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I am trying to understand a Swing application specifically how tables work. There is a table that retrieves data from the database and displays the data on the JTable. I went through the code and worked out how the data is read from the database.

One thing that i seem to be struggling with is how the data is displayed on the table and how it is updated. I know how to display data on a table but the difference with this table is that the data is updated dynamically. i.e. Not all of the data that is retrieved from the database is displayed on the table.

It looks like the application displays a number of rows and when the user srolls the mouse or moves the scrollbar to the bottom/end of the table, the application automatically updates the table and displays more data (i can see that there is a slight delay when that happens).

For me to be able to work out how the above is impmlemented i need some more information on this technique i.e. what is this kind of technique called and what are the usual interfaces/classes that are used.

A link to an example of how the above is achieved would be very useful as then i need to see a simplified version first.

Any idea?


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3 Answers 3

I'm not sure what the name of this technique is called, but I know its pretty common in the mobile world these days (eg Twitter and Facebook apps use it). For practical purposes, the implementation would probably be a normal JTable that has a few modified components.

  1. Write your own TableModel to display the data (which is pretty easy to do), you can retrieve the information from anywhere, and add/remove data as you see fit. Refer to the documentation here . There are only a handful of methods that you need to implement

    The primary things that are important here are the getRowCount() method, which you would change as you add/remove data from the table, and the getValueAt() method which retrieves the data to display in the table.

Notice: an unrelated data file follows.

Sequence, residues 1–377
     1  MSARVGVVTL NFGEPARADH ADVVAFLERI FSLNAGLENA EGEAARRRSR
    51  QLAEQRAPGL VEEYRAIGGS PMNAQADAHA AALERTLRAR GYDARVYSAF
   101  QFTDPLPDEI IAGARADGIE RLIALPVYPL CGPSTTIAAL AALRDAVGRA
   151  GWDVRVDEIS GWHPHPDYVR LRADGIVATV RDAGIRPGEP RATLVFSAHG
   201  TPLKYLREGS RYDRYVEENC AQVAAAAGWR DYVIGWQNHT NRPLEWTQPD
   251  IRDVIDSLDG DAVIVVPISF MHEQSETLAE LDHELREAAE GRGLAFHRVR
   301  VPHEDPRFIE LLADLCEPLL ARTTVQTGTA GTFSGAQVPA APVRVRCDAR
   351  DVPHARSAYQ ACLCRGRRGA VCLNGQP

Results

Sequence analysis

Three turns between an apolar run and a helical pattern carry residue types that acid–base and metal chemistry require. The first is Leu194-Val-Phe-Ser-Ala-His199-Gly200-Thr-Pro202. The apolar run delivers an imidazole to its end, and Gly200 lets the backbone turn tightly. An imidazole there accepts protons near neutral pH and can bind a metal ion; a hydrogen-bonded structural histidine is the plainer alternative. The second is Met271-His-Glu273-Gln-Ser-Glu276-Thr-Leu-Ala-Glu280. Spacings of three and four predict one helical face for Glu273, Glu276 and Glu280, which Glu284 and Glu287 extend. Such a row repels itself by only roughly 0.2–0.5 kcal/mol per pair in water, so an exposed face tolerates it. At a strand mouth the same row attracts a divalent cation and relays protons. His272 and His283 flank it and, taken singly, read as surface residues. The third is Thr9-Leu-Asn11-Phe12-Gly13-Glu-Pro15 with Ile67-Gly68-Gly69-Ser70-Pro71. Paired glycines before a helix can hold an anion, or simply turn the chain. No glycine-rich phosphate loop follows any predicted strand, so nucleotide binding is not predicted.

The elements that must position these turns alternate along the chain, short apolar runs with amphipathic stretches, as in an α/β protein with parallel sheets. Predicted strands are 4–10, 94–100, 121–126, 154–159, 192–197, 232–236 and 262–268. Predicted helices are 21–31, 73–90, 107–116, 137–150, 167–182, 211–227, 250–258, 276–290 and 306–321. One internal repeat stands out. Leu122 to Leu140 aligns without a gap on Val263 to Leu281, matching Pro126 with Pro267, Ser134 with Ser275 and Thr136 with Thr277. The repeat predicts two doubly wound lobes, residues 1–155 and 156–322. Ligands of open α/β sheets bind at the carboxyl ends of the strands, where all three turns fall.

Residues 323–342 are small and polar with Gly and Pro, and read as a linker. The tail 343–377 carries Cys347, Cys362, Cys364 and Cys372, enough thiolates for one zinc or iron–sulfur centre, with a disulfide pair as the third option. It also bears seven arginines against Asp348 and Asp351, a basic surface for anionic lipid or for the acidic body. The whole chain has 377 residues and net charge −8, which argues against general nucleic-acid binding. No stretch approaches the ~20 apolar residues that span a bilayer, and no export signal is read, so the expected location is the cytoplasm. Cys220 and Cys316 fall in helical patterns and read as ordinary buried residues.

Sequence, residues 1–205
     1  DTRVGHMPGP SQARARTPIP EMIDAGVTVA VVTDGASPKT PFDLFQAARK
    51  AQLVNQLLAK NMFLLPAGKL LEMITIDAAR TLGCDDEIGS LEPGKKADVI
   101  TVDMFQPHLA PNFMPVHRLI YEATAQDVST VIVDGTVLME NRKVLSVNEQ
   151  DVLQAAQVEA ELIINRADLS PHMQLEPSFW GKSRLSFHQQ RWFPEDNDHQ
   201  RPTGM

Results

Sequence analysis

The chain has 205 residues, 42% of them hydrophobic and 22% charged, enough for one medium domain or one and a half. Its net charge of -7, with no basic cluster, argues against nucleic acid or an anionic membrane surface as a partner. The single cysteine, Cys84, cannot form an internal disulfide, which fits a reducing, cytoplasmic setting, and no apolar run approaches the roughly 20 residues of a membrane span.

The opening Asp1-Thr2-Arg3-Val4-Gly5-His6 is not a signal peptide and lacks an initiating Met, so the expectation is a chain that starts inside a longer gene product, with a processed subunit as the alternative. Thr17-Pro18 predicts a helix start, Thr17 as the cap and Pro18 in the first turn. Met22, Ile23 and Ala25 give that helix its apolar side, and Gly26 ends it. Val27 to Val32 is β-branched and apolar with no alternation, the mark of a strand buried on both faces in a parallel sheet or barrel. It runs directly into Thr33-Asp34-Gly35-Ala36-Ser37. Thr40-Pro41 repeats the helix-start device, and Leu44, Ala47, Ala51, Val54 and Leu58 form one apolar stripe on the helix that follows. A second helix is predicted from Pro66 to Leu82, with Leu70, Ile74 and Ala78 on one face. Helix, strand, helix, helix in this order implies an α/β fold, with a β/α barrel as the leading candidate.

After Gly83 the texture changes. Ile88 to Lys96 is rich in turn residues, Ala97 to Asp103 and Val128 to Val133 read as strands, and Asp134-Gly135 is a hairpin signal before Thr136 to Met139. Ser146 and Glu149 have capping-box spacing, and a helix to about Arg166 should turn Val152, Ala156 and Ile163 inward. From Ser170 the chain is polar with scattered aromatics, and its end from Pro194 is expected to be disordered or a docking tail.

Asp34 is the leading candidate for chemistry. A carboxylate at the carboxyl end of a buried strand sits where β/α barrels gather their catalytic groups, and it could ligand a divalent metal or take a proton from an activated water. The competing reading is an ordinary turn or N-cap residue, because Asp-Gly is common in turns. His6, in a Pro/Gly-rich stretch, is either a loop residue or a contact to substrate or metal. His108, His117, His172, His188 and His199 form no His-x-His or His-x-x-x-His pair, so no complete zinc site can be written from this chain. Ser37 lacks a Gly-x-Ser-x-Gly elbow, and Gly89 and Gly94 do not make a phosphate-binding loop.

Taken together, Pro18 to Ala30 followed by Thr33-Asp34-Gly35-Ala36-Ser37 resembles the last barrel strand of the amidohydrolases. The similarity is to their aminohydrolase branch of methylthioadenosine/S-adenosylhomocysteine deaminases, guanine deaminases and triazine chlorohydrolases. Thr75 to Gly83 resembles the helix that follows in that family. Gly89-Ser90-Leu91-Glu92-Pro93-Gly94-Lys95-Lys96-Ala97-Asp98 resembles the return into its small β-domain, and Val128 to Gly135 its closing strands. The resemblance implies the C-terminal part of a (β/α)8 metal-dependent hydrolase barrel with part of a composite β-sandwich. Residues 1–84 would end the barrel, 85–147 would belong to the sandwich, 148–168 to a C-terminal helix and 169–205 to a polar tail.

The TableModel would probably have an array-like object in it (such as ArrayList) that contains the data that should be displayed in the table. When you want to add/remove data from the table (ie the 'refresh'), you just add/remove rows from this array-list Object, then trigger a refresh on the table to pick up the change.

    Alternatively, if working with a database, you can have a database Cursor open in the TableModel that is called by getValueAt() whenever you want to display a value on the table.

  2. You would need to overwrite one of the GUI components such as the JScrollBar, or add a Listener to the scrollbar so that it detects when you try to scroll past the end of the table, and triggers the refresh.

  3. Visually, you would need to overwrite some of the painting components of the current Look and Feel if you want to display something special when you scroll past the end of the table (such as displaying the word "Refreshing"). You would also need to overwrite the JScrollBar if you want to add a few ticks to the 'height' of it, so that you can actually move the scrollbar into the 'refresh' part (just a display thing only - the Listeners above should do the actual refresh work)

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strange this html formatter, btw +1 –  mKorbel Oct 23 '12 at 13:14

This kind of technique is known as lazy loading. There are different approaches to make a JTable lazy.

Implementing a lazy table is not that easy as it seems, since you will be confronted with different loading states of the table. My prefered way to implement a lazy loading table (and little different then discribed by WATTO Studios) is to use/create a lazy loading list as tablemodel and using proxy objects to trigger loading of new data. So instead of loading your whole data when initialising your table, you only fill your table with proxy objects (empty data objects whereas only the original id is injected). Whenever a proxy object is been asked for any value (for example from a renderer, which will only happen, when the row gets visible), you fetch the original data object from your service - and maybe load the next 50 objects as well, to avoid asking your server for every single row - and replace the proxy objects with the new data.

On first sight, this looks kinda simple, but it can get really messy depending on your data. For example, when your data uses self referenced foreign keys on theirselfs and stuff like that. Moreover instead of gaining extra performance by loading data just when it is needed the table still often feels a bit slow, since it just loads the data when it is needed. So balancing performance and smooth scrolling behaviour is the challenge here, as well as filtering and sorting your data.

Using the keywords lazy loading, you should find some examples concerning this topic.

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You always seem to have good examples for everything, don't you? :-) This one looks kinda interesting on first view too, especially to learn how a jtable works. –  ymene Oct 23 '12 at 13:22

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